Sex. Everyone thinks about it. Great books, films and other works of art were inspired by it, and modern culture has made sex into the no. 1 advertising technique. It’s a nearly universal obsession. So how, then, does E.L. James’ BDSM “romance” “Fifty Shades of Grey” make sex feel so unappealing and revolting?
Since the much-touted sex scenes in “Fifty Shades” are almost all anyone talks about when discussing it, a plot summary seems almost pointless. For the sake of academia, however, here’s the “story”: Clumsy, personality-void brunette Anastasia “Ana” Steele goes in place of her friend Katherine to interview the creepy, condescending and borderline-sociopathic CEO of Grey Enterprises Holdings, Inc., Christian Grey. During the interview, Ana (formerly a shrinking violet and paragon of virginity, of course) is suddenly BAMF’d into her glad pants by his presence and becomes obsessed with Christian. After a series of (supposedly) erotically charged meetings and interrogations, she finds out that the reason he’s so controlling is that he’s a BDSM dominant and can only be in a relationship if his partner submits to him completely. Ana reluctantly agrees to give into his abuse desires, if it means being closer to the man she has a shallow physical attraction to loves . . .
. . . and that’s pretty much it. “Fifty Shades of Grey” is the kind of novel where very little of interest happens, and when something does happen, it’s almost impossible to figure out why the hell it happened in the first place. Soap opera tier distractions from the nonstop onslaught of sex scenes (Attempted rape! “Tragic” backstories!) appear, and then are brushed aside lazily as if to say, “Yeah, that’s nice, but it’s been a few pages. Don’t you think it’s time Christian and Ana had sex again?” The lack of focus on anything other than the sex robs the romance of all chemistry and the book as a whole of any depth.
In addition, the characters are either arbitrarily assigned overly simplistic, melodramatic reasons for their actions (such as Christian, who attributes his psychosis fetish to being seduced by an older woman at the age of 15, and to his “crack w—e” mother), or are given no reason at all for what they do (like Ana, who has not a thought in her pretty little head other than reactions to stimuli and endlessly repeating variations on “HOT DAMN CHRISTIAN YOU SEXY BEAST”). Why is Ana attracted to Christian, beyond being his being “hot?” That’s anyone’s guess.
As if the directionless “story” isn’t enough to wear readers down, none of the characters are intrinsically interesting or even likable. Ana is a complete blank slate, a placeholder for readers to project themselves onto (like anyone would want to), which is particularly annoying due to the novel being in first-person present tense. Christian has the opposite problem. He has a personality, alright: He’s a controlling and condescending douchebag. Why anyone would sympathize with him is a complete mystery, and James’ constant attempts to make him seem “tortured” ring false. “I’m fifty shades of f—ed up, Ana,” he says, as though this excuses all of his horrendous behavior. While Christian’s myriad flaws could have been further examined to make an interesting character, Ana is always quick to handwave them, using his attractiveness as a half-assed excuse.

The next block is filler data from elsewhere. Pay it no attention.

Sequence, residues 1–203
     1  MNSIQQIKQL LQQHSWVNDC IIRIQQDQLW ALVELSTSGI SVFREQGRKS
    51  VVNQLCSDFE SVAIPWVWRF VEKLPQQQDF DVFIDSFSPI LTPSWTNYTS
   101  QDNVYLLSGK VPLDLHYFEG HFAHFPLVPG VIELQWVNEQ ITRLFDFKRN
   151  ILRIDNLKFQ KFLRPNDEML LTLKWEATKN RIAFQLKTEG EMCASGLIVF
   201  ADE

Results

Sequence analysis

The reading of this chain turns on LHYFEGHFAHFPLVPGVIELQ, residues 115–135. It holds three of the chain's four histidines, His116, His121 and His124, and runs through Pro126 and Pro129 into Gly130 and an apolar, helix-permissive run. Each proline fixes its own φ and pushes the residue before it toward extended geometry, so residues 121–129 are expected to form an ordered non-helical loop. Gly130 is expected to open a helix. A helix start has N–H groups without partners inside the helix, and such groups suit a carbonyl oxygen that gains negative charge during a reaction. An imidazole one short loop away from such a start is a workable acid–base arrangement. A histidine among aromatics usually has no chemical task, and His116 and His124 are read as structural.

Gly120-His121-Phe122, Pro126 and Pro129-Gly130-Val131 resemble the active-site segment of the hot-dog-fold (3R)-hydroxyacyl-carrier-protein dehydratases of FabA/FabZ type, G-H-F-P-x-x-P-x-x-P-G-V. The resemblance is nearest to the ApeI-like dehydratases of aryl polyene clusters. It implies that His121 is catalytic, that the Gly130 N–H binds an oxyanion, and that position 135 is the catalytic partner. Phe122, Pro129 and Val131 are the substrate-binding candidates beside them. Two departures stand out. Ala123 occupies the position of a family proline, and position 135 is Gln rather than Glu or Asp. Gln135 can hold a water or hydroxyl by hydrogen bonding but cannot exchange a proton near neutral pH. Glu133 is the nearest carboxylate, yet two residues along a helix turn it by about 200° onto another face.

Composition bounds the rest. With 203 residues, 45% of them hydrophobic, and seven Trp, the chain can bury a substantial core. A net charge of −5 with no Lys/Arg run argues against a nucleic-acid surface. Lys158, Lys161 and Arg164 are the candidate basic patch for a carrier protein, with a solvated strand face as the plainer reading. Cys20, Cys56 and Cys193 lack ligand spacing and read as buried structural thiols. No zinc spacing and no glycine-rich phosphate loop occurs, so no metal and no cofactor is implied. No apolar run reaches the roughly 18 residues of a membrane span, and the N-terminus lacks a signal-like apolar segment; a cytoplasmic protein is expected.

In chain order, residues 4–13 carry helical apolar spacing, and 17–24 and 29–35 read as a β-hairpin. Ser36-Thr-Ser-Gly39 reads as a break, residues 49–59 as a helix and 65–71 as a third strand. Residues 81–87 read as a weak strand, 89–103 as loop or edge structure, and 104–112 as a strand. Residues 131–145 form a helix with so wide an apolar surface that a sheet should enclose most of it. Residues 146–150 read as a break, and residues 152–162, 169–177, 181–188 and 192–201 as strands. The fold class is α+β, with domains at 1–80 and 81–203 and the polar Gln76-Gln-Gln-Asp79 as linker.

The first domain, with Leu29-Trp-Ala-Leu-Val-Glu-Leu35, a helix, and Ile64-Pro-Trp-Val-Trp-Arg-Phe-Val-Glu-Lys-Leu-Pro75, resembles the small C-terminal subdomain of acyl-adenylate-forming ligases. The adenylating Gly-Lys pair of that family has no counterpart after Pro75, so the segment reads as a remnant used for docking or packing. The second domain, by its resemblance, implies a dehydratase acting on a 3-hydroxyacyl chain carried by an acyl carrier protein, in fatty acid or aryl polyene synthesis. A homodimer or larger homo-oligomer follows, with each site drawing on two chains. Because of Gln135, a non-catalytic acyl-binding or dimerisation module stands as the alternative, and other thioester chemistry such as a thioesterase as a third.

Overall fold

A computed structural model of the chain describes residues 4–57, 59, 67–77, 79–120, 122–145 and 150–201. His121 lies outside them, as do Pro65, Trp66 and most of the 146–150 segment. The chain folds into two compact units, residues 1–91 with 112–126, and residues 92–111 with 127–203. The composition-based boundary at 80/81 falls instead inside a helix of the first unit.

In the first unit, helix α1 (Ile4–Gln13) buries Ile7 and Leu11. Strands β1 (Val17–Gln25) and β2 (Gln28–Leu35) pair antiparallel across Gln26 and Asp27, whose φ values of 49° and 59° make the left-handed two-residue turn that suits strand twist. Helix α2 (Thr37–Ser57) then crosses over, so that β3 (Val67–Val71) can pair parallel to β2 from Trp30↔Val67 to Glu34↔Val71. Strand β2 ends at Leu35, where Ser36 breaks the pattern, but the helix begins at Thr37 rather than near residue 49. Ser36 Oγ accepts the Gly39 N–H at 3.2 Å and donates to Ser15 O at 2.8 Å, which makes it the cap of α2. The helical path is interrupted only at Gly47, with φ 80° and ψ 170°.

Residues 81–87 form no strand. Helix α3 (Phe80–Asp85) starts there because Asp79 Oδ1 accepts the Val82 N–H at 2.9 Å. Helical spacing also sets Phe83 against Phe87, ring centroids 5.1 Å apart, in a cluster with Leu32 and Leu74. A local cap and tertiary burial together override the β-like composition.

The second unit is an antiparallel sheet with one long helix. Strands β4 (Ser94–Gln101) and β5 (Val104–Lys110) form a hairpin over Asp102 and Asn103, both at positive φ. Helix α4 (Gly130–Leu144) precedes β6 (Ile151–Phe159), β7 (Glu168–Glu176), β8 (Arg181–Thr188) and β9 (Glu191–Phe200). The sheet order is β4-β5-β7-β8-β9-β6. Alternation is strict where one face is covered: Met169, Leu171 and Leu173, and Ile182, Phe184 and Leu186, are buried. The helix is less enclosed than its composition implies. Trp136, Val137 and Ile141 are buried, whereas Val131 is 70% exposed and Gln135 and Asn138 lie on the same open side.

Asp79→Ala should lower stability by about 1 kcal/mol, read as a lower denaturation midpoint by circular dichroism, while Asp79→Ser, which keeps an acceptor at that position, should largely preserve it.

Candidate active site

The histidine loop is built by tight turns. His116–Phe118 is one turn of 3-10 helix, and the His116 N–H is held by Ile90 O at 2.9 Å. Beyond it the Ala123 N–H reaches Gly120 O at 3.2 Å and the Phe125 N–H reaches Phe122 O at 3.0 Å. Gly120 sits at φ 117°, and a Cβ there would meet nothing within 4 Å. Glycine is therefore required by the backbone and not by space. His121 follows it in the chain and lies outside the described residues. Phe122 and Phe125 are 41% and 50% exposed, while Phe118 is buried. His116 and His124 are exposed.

Those holding out for James’ mastery of prose to outweigh the asinine plotting and putrid characterization will also be disappointed. Her style swings between dry, toneless laundry list musings about such scintillating subjects as Ana forgetting to eat for days at a time and florid, overblown nonsense (Ana compares herself to Icarus at one point when describing how Christian makes her feel, apparently forgetting how that story ends). Sometimes, she manages to combine the two extremes to hilarious effect: “His voice is warm and husky like dark melted chocolate fudge caramel . . . or something.” Unfortunately, these tendencies carry over into the sex scenes, and the style combined with the ridiculous nature of some of the acts (there’s a particularly gross scene involving a tampon), Ana’s only referring to her vagina as “down there” and her proclivity for repeating the phrases “Holy crap/f—k” and “Oh, my” every single time she’s aroused only adds to the hilarity.
Unfortunately, any potential for the book to become an unintentional comedy classic is steamrollered by its overwhelmingly misogynistic and repulsive nature. Christian’s interactions with Ana are disconcertingly abusive, paternal, predatory and condescending, four things which should never be said about any romance. To make matters worse, James clearly lacks any understanding about BDSM relationships. Rather than Ana and Christian exploring their limits gradually and Ana determining just how far she wants to go (as would be the norm), Christian unceremoniously gives Ana a contract full of overwhelming (and creepy) terms and conditions to determine what she wants, flinging her headfirst into a world she has no experience in. Christian repeatedly rejects Ana’s limits in favor of doing whatever he wants, and many scenes that are ostensibly romantic and sexy play out like rape scenes, making the novel a disturbing read.
The final verdict? Just go masturbate instead. Preferably not while reading this hideous book.
Speakeasy Grade: F